Valve And Ignition Timing Of Four-Cycle Hit And Miss Engines

| August/September 1988

Diagram of time gear mark

20201 Arthur Road, Big Rapids, Michigan 49307

Numerous inquiries as to the proper timing of four-cycle engines indicates that the following article should be of keen interest to some of the younger members of the fraternity of antique engine enthusiasts.

A four stroke cycle engine is named a 4-cycle because it takes four strokes of the connecting rod and piston to complete one cycle of events to make the engine run.

We will name these four strokes: (1) compression, (2) power, (3) exhaust, and (4) intake.

You should be able to trace these strokes on your engine. Crank the engine over in the proper direction of rotation; that is, with your hands on top of the flywheels, pull the flywheels toward you as you stand at the rear of the engine. Continue turning until you feel the piston coming up on the compression. This is COMPRESSION STROKE-the crankshaft, connecting rod are pushing the piston to the inner end of travel. The con/rod is in horizontal position, the crankshaft con/rod arm is extended to its inner limit-the piston is at T.D.C. THIS IS FIRING POSITION-IGNITION . At this point the trip arm should just trip the igniter. (More on this later.)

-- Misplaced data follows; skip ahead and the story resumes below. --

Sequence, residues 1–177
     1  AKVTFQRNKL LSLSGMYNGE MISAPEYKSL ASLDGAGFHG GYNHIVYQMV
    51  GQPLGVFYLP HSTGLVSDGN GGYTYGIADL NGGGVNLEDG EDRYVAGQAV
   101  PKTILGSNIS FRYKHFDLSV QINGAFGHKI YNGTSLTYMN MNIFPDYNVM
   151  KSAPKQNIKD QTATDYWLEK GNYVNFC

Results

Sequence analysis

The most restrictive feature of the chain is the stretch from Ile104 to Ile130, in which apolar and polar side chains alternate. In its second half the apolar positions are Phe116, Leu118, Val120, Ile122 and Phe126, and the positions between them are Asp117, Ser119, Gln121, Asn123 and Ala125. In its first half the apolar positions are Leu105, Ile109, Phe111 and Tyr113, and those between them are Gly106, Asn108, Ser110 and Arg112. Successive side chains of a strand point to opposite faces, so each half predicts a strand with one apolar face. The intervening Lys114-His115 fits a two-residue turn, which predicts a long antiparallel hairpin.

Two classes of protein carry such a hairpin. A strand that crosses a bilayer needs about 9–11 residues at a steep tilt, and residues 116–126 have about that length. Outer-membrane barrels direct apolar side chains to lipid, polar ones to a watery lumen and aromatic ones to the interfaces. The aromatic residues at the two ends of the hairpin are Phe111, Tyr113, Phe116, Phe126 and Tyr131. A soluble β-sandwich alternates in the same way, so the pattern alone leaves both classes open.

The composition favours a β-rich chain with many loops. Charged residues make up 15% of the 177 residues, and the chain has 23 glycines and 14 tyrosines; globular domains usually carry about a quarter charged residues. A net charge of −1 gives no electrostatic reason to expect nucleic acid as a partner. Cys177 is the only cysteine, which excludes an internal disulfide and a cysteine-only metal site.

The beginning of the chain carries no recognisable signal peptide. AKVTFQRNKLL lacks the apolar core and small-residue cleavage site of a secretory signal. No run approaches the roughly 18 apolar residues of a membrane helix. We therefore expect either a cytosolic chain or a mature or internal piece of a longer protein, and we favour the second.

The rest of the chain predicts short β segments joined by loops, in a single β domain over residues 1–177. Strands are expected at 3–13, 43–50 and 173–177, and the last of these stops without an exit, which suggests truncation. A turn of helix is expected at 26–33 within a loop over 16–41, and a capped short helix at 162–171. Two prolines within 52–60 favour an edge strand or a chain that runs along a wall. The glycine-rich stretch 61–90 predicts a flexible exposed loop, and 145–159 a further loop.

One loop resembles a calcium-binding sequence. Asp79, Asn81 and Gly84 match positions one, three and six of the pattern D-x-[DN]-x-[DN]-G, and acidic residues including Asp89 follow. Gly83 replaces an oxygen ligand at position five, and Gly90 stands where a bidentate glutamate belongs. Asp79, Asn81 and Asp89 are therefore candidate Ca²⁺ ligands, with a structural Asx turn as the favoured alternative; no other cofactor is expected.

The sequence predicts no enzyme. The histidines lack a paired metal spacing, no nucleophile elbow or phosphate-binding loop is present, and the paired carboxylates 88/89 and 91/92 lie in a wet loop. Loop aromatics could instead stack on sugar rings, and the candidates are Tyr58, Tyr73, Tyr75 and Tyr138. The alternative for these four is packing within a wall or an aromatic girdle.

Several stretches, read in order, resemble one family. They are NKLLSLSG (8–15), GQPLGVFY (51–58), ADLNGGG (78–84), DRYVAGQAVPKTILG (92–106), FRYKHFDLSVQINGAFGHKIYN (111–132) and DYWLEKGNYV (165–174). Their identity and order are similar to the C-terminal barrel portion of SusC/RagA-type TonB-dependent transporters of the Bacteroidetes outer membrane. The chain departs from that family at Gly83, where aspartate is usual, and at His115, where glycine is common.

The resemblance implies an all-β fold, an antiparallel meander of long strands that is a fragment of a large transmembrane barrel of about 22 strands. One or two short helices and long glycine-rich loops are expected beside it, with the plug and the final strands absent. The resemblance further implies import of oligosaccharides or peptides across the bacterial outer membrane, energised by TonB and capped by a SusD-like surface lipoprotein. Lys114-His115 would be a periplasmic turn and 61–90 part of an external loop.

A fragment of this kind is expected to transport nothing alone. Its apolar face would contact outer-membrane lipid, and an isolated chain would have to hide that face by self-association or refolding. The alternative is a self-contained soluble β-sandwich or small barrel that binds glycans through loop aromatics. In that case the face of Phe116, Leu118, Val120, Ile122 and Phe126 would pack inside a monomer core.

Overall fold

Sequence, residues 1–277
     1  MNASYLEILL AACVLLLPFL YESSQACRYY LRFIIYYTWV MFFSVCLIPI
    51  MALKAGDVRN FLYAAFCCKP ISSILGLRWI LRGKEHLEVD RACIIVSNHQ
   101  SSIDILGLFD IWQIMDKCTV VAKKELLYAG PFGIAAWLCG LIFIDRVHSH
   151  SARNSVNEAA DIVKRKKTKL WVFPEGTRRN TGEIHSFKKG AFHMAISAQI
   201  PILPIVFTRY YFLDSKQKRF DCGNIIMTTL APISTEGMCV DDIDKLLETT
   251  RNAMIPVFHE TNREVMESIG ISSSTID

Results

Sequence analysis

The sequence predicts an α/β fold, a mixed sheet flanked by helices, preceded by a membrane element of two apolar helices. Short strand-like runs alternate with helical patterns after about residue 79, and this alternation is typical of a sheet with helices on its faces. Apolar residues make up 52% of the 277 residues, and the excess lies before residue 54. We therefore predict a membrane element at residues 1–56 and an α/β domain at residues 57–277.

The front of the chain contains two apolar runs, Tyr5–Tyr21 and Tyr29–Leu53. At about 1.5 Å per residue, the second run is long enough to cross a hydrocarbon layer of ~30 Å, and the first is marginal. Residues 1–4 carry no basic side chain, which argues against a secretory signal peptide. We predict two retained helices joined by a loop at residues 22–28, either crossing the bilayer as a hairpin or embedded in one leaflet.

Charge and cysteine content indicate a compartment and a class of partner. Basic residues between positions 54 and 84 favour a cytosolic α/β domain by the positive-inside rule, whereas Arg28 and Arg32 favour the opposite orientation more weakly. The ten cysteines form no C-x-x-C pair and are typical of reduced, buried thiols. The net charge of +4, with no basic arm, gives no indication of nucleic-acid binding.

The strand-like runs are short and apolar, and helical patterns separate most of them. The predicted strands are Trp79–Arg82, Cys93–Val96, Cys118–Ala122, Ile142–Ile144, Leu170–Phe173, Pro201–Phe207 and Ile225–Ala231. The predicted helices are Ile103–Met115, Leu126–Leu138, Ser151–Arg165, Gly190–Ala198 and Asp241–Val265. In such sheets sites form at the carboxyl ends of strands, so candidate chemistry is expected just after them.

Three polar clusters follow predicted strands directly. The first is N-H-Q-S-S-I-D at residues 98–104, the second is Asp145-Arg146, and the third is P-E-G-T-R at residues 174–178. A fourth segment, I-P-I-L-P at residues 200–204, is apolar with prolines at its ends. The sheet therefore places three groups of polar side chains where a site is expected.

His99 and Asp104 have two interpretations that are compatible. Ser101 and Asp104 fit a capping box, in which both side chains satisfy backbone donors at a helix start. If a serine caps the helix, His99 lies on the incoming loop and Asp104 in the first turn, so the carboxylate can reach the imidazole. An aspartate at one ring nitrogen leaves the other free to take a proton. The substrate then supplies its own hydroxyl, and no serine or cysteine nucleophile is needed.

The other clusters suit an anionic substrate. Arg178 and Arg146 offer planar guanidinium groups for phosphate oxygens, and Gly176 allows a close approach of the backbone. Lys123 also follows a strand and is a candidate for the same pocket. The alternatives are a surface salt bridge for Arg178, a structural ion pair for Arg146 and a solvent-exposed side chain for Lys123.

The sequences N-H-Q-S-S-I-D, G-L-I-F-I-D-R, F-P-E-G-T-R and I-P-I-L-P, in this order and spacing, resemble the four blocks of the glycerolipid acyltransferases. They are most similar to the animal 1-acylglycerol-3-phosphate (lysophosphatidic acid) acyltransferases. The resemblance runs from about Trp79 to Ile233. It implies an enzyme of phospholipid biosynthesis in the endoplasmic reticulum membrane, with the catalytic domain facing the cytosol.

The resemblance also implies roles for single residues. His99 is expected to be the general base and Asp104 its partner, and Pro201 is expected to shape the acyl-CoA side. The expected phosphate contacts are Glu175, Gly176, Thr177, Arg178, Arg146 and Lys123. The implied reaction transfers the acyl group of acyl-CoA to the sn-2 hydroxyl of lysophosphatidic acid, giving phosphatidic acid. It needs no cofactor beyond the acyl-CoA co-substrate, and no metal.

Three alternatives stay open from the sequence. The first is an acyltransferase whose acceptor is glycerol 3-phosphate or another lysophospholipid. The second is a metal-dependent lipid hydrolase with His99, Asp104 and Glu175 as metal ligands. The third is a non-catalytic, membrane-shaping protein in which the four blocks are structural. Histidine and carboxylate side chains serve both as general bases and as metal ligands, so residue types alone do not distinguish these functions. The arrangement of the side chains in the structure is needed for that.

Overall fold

With piston at T.D.C., continue to turn your engine over. The crankshaft and connecting rod are pulling the piston out of the cylinder. (In effect, after ignition, the combustion of gases is pushing the piston out of the cylinder.) This is POWER stroke. As you continue to turn the flywheels over you will note the connecting rod arm of the crankshaft is at top of its travel. Slowly, continue to turn the flywheels, about half way between this top position of the crankshaft rod arm and the outer end of travel, you will note the lobe of the camshaft engages the push rod. The push rod has to move forward about half to three quarters of an inch to close the gap between the push rod and the valve rocker arm. The exhaust valve should begin to open when the piston is at the outer end of travel-just beginning to move back into the cylinder. The valve remains open for the duration of this stroke. This is the EXHAUST stroke. There is an adjustment at the end of the push rod or at one end of the rocker arm to make a correct adjustment.